This post is part of our live blog series from the Resilient Cities 2015 congress. For more live blogs, please click here.
How can we foster knowledge partnerships that serve cities and their communities? This session explored several types of knowledge partnerships, including associations of local governments with climate scientists and research organisations with practitioners; matchmaking between national and subnational governments; collaboration across subnational governments; and links between universities and communities.
The first highlighted topic was the challenge of effectively executing mutually satisfying community/university relationships. Anthony Socci, Senior Advisor on Climate and Energy for the US Environmental Protection Agency, presented the University of Oregon Sustainable City Year Program (SCYP), which differs from the traditional research-dominated academic model, and harnesses the resources of universities for the public good instead.
This program facilitates the implementation of community-identified and community-driven projects by students and faculty from multiple disciplines in exchange for a modest financial commitment to cover the basic costs. The key aspect of such a program is that it accrues value for all parties involved. The students gain practical real-life experiences working with communities; cities, who must compete and apply to enter the program, can save hundreds of thousands of dollars by tapping into the intellectual power and creativity of local students and faculty; and the universities become genuine members of the community by helping to tackle real-world issues as a form of community service.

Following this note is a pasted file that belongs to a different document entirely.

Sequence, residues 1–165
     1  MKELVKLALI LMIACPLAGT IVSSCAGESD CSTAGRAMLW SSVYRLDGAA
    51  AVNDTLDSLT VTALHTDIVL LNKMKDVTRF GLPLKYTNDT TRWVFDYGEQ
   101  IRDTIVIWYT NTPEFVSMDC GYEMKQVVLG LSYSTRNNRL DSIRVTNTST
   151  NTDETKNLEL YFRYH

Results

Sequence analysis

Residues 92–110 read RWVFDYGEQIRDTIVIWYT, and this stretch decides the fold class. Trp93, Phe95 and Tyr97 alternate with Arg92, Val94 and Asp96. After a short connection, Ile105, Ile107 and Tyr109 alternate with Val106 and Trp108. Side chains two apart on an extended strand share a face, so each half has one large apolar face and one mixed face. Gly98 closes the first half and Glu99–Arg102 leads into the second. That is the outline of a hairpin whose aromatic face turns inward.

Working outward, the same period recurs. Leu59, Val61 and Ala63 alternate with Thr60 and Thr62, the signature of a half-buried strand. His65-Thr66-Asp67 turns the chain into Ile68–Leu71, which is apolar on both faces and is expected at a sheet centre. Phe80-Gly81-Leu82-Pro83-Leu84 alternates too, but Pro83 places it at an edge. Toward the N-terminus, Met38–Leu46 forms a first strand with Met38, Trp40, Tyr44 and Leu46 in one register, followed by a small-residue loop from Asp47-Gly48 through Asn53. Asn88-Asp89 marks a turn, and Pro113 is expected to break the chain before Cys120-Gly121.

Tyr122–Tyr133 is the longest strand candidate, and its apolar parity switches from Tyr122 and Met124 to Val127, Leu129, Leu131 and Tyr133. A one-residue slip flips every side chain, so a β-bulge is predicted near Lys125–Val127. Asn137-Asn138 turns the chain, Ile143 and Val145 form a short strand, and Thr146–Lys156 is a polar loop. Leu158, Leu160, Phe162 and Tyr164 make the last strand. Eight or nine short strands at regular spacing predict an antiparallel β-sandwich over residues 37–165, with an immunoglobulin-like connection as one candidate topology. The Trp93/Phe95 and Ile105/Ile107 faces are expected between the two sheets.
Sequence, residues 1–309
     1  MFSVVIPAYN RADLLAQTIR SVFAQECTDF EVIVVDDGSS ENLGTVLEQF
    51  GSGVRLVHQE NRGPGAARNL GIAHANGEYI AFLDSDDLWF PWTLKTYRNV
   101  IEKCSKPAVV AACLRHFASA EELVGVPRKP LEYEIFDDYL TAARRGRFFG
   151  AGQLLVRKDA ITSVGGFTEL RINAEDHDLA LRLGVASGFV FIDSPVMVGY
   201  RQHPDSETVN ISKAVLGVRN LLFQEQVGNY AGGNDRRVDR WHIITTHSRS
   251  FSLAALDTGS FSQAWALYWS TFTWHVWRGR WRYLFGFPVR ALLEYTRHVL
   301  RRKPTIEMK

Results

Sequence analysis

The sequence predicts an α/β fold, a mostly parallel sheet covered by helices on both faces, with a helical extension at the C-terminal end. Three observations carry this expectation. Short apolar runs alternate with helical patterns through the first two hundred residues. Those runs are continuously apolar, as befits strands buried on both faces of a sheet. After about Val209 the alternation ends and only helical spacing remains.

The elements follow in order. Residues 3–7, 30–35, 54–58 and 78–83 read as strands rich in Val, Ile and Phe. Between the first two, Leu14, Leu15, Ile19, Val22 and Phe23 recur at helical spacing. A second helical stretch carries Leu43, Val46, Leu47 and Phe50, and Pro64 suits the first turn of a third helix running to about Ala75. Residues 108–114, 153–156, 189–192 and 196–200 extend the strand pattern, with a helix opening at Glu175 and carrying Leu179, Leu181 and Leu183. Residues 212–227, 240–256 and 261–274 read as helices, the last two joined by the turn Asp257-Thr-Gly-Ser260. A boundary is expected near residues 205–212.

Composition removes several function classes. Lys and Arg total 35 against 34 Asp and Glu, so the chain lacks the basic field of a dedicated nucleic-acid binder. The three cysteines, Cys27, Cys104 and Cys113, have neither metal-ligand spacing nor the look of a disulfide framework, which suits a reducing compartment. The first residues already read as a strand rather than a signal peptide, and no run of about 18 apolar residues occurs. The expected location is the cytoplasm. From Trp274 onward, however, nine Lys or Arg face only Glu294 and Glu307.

The second challenge highlighted is that of translating the science into language for the general public. In this regard, a general consensus was clear from the session participants that scientific data can strengthen projects and plans, making these more tangible and relevant. However, this information can often be too technical and inaccessible to key stakeholders.
A knowledge partnership presented during the session, between the ICMA CityLinks initiative and the Urban Climate Change Research Network (UCCRN), shows how involving a third party can be beneficial. In this case, ICMA acts as a third party to understand the scientific data produced by UCCRN and pass that along in an accessible and applicable format to the cities they are working with.
As Kathryn Vines from C40 Cities Climate Leadership Group correctly concluded, it is not a simple matter to tap into the existing data and capacities and to use and communicate the information effectively amongst stakeholders.
“It may take more than one go, but we mustn’t get discouraged if it doesn’t happen right away”.
As they say, being aware of the problem accounts for 50% of the solution, so the active discussion and consensus during the session proves that we are off to a good start.